George Washington Papers

[Diary entry: 3 August 1785]

Wednesday 3d. Wind at No. West & tolerably pleasant with appearances of Rain, without any falling.

Having provided Canoes and being joined by Mr. Rumsay the principal Manager, & Mr. Stewart an Assistant to him, in carrying on the Works, we proceeded to examine the falls; and beginning at the head of them went through the whole by water, and continued from the foot of them to the Great fall. After which, returning back to a Spring on the Maryland Side between the Seneca & Great Falls, we partook (about 5 O’clock) of another cold Collation which a Colo. Orme, a Mr. Turner & others of the Neighbourhood, had provided and returned back by the way of Mr. Bealls Mill to our old Quarters at Mr. Goldsboroughs. The distance as estimated 8 Miles.

The Water through these Falls is of sufficient depth for good Navigation; and as formidable as I had conceived them to be; but by no means impracticable. The principal difficulties lye in rocks which occasion a crooked passage. These once removed, renders the passage safe without the aid of Locks & may be effected for the Sum mentioned in Mr. Jno. Ballendine’s estimate (the largest extant) but in a different manner than that proposed by him. It appearing to me, and was so, unanimously determined by the Board of Directors, that a channel through the bed of the river in a strait direction, and as much in the course of the currant as may be, without a grt. increase of labour & expence, would be preferable to that through the Gut which was the choice of Mr. Ballendine for a Canal with Locks—the last of which we thought unnecessary, & the first more expensive in the first instance, besides being liable to many inconveniences which the other is not, as it would, probably be frequently choaked with drift wood—Ice—and other rubbish which would be thrown therein through the several inlets already made by the rapidity of the currts. in freshes and others which probably would be made thereby; whereas a navigation through the bed of the river when once made will, in all probability, remain forever, as the currt. here will rather clear, than contribute to choak, the passage. It is true, no track path can be had in a navigation thus ordered, nor does there appear a necessity for it. Tracking, constitutes a large part of Mr. Ballendines estimate—The want of which, in the rapid parts of the river, (if Mr. Rumseys plan for working Boats against stream by the force of Mechanical powers should fail) may be supplied by chains buoyed up to haul by which would be equally easy, more certain, and less dangerous than setting up with Poles—whilst track paths, it is apprehended can not be made to stand, and may endanger the Banks if the Wood is stripped from them, which is their present security against washing.

The distance between the Seneca & Great Falls, is about 5 Miles; and except in one place within ¾ of a Mile of the latter, the navigation now is, or easily may be made, very good; and at this place, the obstruction arises from the shallowness of the Water. Boats may go almost to the Spout with safety. To the place where the water passes when the river is full it is quite easy & safe to descend to, being in a Cove of still Water.

Col. Archibald Orme (1730–1812), of the Rock Creek neighborhood in Montgomery County, Md., was an active surveyor in the area. Mr. Turner may be Samuel Turner, who was living in that neighborhood in 1790, or Hezekiah Turner (1739–c.1812), of Fauquier County, Va., who was active after the Revolution as a surveyor of lands in the upper Potomac Valley (HEADS OF FAMILIES, MD. description begins Heads of Families at the First Census of the United States Taken in the Year 1790: Maryland. 1907. Reprint. Baltimore, 1965. description ends , 88; MACKENZIE [1] description begins George Norbury Mackenzie, ed. Colonial Families of the United States of America. 7 vols. 1907-20. Reprint. Baltimore, 1966. description ends , 2:564; SCHARF [3] description begins J. Thomas Scharf. History of Western Maryland. Being a History of Frederick, Montgomery, Carroll, Washington, Allegany, and Garrett Counties from the Earliest Period to the Present Day; Including Biographical Sketches of Their Representative Men. 2 vols. 1882. Reprint. Baltimore, 1968. description ends , 1:744; BLUM description begins Willetta Baylis Blum and William Blum, Sr., comps. The Baylis Family of Virginia. Washington, D.C., 1958. description ends , 426).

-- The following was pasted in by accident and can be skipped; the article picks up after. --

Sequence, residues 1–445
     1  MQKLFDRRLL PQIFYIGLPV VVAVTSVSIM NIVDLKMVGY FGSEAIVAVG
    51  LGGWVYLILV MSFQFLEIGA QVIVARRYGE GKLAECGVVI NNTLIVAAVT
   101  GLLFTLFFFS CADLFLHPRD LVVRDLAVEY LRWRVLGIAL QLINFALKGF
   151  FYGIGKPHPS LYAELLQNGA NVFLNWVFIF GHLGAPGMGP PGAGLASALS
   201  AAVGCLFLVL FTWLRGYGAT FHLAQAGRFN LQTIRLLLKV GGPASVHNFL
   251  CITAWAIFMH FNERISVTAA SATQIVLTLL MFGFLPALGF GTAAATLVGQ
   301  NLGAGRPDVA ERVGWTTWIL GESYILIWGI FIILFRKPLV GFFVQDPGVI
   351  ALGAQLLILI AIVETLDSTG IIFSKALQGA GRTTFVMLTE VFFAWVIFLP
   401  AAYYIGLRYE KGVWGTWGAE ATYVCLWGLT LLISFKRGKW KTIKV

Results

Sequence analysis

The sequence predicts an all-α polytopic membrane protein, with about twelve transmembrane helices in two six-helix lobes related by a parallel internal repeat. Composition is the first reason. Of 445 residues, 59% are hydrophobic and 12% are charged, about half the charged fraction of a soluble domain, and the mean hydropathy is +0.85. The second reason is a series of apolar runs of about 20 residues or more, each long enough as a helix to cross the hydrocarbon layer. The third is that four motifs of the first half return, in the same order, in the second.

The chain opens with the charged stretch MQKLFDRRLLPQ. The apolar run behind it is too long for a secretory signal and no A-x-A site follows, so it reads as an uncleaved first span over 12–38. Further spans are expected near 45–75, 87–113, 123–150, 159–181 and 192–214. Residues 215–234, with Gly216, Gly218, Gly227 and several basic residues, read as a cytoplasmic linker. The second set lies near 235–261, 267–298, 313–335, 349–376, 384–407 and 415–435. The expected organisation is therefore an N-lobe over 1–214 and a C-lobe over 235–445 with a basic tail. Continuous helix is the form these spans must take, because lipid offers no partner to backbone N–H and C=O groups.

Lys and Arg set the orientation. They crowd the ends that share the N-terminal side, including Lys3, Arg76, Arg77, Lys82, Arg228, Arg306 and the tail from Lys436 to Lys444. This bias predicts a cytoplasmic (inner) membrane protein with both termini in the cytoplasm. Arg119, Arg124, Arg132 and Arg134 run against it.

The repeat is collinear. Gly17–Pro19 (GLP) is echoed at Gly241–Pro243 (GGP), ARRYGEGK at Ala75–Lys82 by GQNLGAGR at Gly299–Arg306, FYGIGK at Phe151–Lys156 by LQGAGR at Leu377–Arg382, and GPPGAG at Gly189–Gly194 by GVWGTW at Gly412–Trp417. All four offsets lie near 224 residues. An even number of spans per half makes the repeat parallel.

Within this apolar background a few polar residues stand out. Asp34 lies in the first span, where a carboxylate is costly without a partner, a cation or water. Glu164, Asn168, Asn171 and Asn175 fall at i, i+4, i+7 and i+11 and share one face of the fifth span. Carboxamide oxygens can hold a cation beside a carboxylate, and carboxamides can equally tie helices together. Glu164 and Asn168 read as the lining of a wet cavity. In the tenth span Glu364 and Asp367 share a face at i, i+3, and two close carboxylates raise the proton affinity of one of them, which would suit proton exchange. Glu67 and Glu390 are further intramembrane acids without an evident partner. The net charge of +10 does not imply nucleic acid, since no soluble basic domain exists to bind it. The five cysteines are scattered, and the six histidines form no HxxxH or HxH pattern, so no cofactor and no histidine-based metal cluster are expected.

track path: The problem GW is discussing is that of aiding boats to ascend the Seneca Falls (actually rapids). The track path was a towing path used to tow the boats through the rapid part of the river. GW disliked the cost of constructing and maintaining canals and locks and accepted the necessity of cutting a canal only when locks were clearly necessary, as at the Great Falls (GW to Edmund Randolph, 16 Sept. 1785, DLC:GW). the spout: The point in a river where the banks formed a narrow channel, thus creating rapids, was called a spout. In his tour this week GW passes through three such sections of the Potomac, referring to each as “the Spout.” For the sake of clarity, each spout will be referred to by the name of the rapids or falls associated with it. This one is the Great Falls Spout, described in 1760 by Andrew Burnaby: “the channel of the river is contracted by hills; and is . . . narrow. . . . It is clogged moreover with innumerable rocks; so that the water for a mile or two flows with accelerated velocity” (BURNABY description begins Rufus Rockwell Wilson, ed. Burnaby’s Travels through North America. 1798. Reprint. New York, 1904. description ends , 68–69).

Index Entries